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Do I Need a Solicitor to Sell my House?

While hiring a solicitor could make the process of selling a house easier, you need to also be aware of the costs hiring one involves. In fact, you could expect to pay up to £2,000 for their services. If you would rather save that money, there are other ways in which you can go around it without having to hire a solicitor. Here are the pros and cons of going it alone:

Hire a licensed conveyancer instead

If you live in either England or Wales, and don’t want to hire a solicitor, you could use a licensed conveyancer instead. The difference between the two is that solicitors are governed by the Law Society while conveyancers are regulated by CLC (Council for Licensed Conveyancers). However, both are regulated and can help you with the legal work whether you are selling or buying a property.

Other differences between solicitors and conveyancers are:

  • While a solicitor is required to disclose referral fees from estate agents, a licensed conveyancer does not have to do that.
  • It is well known that solicitors work in multi-discipline firms, giving them access to more knowledge in different areas of the law.  A licensed conveyancer won’t benefit from that, therefore neither will you.
  • When it comes to money, hiring a solicitor will cost you more than hiring a licensed conveyancer. However, you need to keep in mind that the price differences are not very drastic. 
Image credit: Charlie’s/Shutterstock

Do It Yourself (DIY) Conveyancing

A second option if you don’t or can’t spend money on a solicitor or licensed conveyancer is to take matter in your own hands. If you’re considering selling your property privately, you will need to know what these professional bodies do, so that you can fulfil the role for yourself:

  • They obtain your title deeds and help you fill in necessary questionnaires
  • They write up and send out the sale contact.
  • They ask for a mortgage settlement figure.
  • They act on your behalf while liaising with other parties in order to negotiate the moving date.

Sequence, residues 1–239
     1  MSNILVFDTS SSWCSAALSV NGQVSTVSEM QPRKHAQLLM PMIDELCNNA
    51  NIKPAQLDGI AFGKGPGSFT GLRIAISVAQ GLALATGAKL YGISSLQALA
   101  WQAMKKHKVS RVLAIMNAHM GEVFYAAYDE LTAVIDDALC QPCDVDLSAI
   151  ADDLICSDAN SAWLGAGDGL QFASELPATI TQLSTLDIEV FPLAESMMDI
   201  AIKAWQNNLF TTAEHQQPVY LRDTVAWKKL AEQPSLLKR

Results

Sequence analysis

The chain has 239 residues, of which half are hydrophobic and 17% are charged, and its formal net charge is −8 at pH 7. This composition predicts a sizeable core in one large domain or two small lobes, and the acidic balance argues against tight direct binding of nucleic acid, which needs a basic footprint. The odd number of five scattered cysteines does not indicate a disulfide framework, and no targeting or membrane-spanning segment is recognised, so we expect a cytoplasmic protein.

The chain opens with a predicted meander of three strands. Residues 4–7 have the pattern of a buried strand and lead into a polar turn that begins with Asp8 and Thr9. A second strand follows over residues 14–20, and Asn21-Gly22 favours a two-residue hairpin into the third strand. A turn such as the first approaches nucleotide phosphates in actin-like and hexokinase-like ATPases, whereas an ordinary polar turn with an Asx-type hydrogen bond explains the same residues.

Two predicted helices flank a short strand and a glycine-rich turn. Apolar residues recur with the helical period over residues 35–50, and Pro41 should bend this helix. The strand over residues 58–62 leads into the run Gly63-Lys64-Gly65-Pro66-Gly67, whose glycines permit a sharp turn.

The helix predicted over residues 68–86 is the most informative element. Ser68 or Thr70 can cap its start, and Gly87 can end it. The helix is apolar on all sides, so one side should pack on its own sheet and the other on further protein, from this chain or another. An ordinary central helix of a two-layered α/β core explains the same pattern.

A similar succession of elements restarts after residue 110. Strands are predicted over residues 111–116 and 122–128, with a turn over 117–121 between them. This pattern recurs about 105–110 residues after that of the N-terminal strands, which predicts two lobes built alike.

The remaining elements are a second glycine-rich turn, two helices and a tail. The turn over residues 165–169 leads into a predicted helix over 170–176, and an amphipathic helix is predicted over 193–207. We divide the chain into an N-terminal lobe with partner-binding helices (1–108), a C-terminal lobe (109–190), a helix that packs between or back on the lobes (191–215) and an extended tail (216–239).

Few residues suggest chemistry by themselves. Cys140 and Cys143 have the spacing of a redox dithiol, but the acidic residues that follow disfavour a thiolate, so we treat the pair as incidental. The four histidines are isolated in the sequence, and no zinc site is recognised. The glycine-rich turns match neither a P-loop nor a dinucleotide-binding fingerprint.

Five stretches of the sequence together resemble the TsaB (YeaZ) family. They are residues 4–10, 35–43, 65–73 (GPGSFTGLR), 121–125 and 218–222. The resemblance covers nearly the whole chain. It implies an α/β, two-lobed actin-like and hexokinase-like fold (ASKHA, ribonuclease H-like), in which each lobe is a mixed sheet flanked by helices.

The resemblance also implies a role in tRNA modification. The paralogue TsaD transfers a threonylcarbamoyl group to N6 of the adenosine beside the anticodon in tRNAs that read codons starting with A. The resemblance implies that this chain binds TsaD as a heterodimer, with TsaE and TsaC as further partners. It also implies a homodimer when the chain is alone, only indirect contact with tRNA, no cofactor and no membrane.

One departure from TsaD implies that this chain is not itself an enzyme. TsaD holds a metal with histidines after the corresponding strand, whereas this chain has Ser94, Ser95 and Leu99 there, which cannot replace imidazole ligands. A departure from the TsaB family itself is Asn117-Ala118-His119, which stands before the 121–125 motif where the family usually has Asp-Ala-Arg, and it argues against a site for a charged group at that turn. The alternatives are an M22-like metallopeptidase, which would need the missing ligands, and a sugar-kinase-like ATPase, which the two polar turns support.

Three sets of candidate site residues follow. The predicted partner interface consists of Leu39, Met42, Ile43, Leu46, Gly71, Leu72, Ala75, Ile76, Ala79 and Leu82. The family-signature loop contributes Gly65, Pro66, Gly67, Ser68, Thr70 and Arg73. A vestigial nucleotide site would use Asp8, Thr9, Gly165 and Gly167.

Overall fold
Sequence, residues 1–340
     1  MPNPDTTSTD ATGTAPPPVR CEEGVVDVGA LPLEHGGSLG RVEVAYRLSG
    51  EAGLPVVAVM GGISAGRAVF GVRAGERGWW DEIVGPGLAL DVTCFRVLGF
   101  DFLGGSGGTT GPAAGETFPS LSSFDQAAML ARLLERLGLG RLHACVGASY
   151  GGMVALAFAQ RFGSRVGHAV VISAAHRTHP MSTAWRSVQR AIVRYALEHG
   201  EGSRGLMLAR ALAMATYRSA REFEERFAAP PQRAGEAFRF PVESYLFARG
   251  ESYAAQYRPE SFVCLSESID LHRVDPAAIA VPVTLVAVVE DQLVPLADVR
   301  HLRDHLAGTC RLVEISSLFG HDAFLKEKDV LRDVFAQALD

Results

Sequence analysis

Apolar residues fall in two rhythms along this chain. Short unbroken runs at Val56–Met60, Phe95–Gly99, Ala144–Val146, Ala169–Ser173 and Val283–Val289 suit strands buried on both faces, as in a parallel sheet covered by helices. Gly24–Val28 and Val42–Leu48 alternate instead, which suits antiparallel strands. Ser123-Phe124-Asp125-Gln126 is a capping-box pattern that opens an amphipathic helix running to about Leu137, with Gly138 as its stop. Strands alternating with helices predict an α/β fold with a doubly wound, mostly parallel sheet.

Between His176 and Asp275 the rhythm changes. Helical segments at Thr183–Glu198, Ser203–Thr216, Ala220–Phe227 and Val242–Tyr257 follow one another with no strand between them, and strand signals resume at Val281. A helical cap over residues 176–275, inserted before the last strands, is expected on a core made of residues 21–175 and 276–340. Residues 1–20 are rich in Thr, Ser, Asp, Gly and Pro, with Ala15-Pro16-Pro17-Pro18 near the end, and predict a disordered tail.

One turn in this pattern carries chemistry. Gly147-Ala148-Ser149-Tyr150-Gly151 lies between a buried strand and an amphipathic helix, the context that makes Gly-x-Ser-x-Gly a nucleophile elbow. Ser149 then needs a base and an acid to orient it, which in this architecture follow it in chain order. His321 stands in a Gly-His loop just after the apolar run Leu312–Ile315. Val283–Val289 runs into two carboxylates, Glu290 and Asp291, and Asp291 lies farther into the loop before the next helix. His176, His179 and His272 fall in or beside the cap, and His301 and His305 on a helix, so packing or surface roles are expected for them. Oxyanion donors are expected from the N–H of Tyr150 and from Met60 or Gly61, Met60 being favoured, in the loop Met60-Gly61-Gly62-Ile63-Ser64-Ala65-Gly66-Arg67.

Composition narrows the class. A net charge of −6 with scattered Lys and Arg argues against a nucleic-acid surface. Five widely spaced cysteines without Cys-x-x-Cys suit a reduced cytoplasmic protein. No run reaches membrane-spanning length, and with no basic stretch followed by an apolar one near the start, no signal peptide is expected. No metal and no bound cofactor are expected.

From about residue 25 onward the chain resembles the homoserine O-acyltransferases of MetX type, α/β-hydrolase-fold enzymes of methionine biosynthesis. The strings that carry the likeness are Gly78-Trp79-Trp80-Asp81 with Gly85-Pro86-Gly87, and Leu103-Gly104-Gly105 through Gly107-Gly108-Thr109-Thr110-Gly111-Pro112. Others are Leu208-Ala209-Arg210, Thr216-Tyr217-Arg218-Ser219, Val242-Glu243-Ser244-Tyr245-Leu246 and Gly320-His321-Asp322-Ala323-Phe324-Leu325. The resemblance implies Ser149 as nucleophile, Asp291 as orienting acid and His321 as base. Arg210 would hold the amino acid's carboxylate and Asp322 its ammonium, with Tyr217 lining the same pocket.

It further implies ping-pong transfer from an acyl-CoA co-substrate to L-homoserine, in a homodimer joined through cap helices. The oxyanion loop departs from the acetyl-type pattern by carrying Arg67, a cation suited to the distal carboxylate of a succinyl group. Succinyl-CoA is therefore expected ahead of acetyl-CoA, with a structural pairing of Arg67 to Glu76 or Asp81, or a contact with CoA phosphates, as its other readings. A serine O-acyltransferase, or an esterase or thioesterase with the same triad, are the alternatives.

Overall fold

• They receive the house deposit for you.
  • They approve the deed of transfer on your behalf.
  • They make the final mortgage payments.
  • They give the property deeds to other parties.
  •  They send you any outstanding balance.

If you decide you want to do it yourself then these are the tasks you will be responsible for.

One of the instances where you might encounter an issue with DIY conveyancing is if you are selling a leasehold property, in which case the owner of the freehold might want you to use a specialist such as a solicitor or a licensed conveyancer. Even if that’s not the case and they are ok with you doing it yourself, there are more complexities that come with selling a leasehold property than a freehold property, so it is advised to seek professional help.

Another problem when it comes to doing it yourself is that some mortgage providers will only work with you if you are using a specialist, so that their interests are protected. You will need to be flexible in that case as some banks might want you to work with one of their own solicitors.

The buyer’s solicitor might also not want to accept an undertaking from you if you have an outstanding mortgage.

If you are looking to sell your house fast and are predicting a straightforward sale, then doing the conveyancing yourself is definitely doable and will save you lots of money.

If, however, you still think you would benefit from the help of a specialist, a licensed conveyancer is definitely someone you could consider hiring as they will do the same job a solicitor would, only for a lower sum of money. Either way, the approach you should take when selling your house depends on your circumstances.

Feature image credit: BCFC/Shutterstock

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